We need curves to take the edge off. Our brains interpret hard edges and sharp angles as threatening and dangerous, raising our neurological hackles. A square coffee table warns us to stay alert and afraid (and we are already so scared). On some level — cellular, psychological or biological — we are soothed by the soft curves of biomorphic shapes, squishy furniture and “blobjects.” In 2013, neuroscientists at the University of Toronto Scarborough partnered with European designers to show 200 people renderings of rooms: Half were full of rounded pillars and oval ottomans, the other half were decorated with boxy couches and coffee tables. “As predicted,” the study found, “participants were more likely to judge spaces as beautiful if they were curvilinear.” Neuroanatomically, curves activate the anterior cingulate cortex, “a region strongly responsive to the reward properties and emotional salience of objects.” It’s theorized that we love curves because they resemble shapes found in nature, like shells and mountains and our mothers. Whatever the reason, we don’t just love the way curves look — we love the way they make us feel.

The circular sofa is a place to gather, a spiritual descendent of that uniquely suburban, utopian symbol of togetherness: the conversation pit. The first architecturally significant conversation pit was the result of a 1952 collaboration between Finnish architect Eero Saarinen and American-born, Florence, Italy-raised interior designer Alexander Girard at the Miller House in Columbus, Ind. Tucked four steps below the rest of the living room, Miller House’s sunken square is lined with a perimeter of segmented couches swathed in bright red upholstery. As it swept through the ’60s, the conversation pit became a delineated social coliseum, designed for deep conversation and deliberate social intimacy, the interior design equivalent of the cul-de-sac.

We turned on our conversation pits just as quickly. It turns out they’re impractical for watching television and, like the cul-de-sac, surprisingly dangerous for children. In 1963, “Time” published “Design: Fall of the Pit,” an article that suggested unhappy homeowners cover their conversation pits with “a few cubic yards of concrete and a couple floorboards … no one will ever know what once lay beneath.” On the graves of our conversation pits, we laid down shag carpeting and sectional sofas, which allowed our television sets to serve as the focal point of our living rooms. We were trading that utopian “we feeling” for a “me feeling”; we once needed a community, now we needed only TV. The sectional sofa didn’t judge. Sitting alone in a conversation pit signified an absence; sitting alone on a sectional sofa, which could, theoretically, quickly convert back to conversational furniture, didn’t make us feel quite so lonely.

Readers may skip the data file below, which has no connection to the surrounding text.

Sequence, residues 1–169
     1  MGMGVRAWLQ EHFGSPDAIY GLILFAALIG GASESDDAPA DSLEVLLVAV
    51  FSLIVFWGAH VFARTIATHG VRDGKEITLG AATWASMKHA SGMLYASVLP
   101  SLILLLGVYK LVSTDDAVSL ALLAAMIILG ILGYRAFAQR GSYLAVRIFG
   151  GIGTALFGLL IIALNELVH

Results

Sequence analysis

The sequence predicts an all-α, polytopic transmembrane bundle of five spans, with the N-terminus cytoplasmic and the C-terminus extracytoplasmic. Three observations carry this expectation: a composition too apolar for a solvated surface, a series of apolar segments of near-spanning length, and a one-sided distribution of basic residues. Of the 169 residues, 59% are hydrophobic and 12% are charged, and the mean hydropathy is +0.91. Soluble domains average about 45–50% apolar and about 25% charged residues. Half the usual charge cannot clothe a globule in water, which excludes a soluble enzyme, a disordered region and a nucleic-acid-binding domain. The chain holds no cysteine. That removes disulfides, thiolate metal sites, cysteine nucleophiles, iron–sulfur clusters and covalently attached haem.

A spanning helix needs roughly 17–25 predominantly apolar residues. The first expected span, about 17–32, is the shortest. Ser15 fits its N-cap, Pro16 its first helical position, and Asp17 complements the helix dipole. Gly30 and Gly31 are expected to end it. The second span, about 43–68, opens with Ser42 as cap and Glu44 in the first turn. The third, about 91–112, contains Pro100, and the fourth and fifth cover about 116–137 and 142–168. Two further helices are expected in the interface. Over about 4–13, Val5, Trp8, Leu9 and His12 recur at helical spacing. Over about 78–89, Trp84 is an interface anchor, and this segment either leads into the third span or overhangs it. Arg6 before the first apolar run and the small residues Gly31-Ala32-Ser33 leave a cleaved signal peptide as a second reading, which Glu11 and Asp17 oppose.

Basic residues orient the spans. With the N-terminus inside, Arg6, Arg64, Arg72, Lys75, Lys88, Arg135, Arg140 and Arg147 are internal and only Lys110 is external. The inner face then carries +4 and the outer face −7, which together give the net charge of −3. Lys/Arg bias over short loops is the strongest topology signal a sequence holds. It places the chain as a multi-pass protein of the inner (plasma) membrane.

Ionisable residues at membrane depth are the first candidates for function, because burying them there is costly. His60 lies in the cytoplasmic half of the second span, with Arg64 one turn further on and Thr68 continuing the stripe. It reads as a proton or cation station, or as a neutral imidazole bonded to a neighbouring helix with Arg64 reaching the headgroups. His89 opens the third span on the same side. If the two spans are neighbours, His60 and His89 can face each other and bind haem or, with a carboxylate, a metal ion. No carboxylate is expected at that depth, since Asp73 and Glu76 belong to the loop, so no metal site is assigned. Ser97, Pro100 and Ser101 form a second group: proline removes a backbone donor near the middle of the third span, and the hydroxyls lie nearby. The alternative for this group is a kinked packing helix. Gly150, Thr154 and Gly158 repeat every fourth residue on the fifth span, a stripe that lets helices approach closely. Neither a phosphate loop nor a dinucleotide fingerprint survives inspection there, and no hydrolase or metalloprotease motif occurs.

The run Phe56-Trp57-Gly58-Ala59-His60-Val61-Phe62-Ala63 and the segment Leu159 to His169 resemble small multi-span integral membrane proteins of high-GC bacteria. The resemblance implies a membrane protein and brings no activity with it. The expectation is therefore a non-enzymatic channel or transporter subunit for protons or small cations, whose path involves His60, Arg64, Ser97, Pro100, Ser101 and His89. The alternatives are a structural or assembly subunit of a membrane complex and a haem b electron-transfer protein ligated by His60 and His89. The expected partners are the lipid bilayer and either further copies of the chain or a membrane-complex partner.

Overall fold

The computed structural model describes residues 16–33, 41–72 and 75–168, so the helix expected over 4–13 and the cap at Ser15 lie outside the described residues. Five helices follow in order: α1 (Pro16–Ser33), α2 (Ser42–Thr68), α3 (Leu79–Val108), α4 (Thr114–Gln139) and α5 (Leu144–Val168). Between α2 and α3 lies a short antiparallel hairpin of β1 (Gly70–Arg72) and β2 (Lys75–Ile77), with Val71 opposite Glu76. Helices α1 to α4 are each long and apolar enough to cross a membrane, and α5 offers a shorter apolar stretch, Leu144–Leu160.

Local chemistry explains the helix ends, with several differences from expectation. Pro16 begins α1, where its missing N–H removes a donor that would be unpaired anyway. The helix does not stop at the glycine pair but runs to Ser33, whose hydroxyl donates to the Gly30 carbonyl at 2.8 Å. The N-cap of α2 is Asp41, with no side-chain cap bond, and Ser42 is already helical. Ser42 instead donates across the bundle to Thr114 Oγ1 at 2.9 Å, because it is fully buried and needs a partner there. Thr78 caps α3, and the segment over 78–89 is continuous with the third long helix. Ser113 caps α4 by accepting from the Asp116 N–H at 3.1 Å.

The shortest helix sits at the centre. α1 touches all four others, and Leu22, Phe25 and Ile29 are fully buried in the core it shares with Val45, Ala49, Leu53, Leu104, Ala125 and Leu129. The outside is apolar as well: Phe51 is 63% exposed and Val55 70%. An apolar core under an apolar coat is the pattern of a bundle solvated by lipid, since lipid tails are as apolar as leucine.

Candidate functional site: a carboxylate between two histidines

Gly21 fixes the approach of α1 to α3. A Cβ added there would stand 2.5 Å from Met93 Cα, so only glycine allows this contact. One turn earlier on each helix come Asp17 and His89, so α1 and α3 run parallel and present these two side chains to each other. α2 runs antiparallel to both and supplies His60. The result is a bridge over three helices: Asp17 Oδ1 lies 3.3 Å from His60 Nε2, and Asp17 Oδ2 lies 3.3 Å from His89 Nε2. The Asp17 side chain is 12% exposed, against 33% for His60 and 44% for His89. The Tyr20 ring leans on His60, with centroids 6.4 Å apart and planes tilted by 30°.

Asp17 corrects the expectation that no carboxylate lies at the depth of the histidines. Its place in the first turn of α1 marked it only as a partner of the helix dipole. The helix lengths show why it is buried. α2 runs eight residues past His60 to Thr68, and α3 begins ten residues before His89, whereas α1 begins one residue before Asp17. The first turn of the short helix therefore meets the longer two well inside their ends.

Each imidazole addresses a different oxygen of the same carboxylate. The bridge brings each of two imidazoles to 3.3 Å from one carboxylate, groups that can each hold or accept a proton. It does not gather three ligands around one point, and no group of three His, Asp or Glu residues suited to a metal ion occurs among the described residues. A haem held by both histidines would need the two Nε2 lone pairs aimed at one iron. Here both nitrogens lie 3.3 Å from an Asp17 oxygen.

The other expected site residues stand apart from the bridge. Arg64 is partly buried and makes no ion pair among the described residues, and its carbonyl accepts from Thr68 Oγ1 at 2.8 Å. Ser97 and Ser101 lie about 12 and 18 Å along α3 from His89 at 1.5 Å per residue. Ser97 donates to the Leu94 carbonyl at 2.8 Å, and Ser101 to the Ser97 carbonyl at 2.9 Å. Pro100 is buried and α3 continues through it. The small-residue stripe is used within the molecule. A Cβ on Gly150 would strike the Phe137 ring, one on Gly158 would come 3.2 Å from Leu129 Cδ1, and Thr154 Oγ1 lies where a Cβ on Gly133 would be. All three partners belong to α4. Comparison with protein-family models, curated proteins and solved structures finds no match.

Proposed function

While the more compact L-shaped sectional immediately earned a permanent foothold in the catalog of mass-produced furniture, its less versatile circular sibling struggled to find purchase and nearly went extinct. Today, the relative obscurity of the round couch is a feature, not a bug. Anyone can buy a secondhand L-shaped sectional on Facebook Marketplace, but snagging a curved sofa involves more capital, effort and taste. The circular sofa is a status symbol that knows how to let its hair down. There’s nothing about a Kagan-esque serpentine sofa or Camaleonda that says, “Come, watch 10 episodes of ‘Chopped,’ no breaks.” But with the circular couch, that invitation is always open. It’s that perfect balance between comfort and cachet.

In the chaos of the last two-plus years, our circular sofas have been generous. We’re raw, vulnerable, newly reborn, and round couches make us feel safe, cocooned. Their modularity provides insulation against lingering agoraphobia or laziness: They reassure us our more social selves still exist. In the early pandemic, the circular sofa was a promise we made to ourselves: that one day our friends and family would gather at our place. We would tell them how much we missed them, how good they looked and how grateful we were for the sourdough they had brought. They would sit across from us (or next to us — the configurations are endless), our adopted terrier on their lap, lean in and say, “I love this couch, where did you get it?”

Liz Raiss is a writer, editor and furniture enthusiast based in Los Angeles. She runs the (formerly anonymous) Instagram account @design.out.of.reach.


https://www.latimes.com/lifestyle/image/story/2022-09-27/design-trend-analysis-why-we-love-circular-couches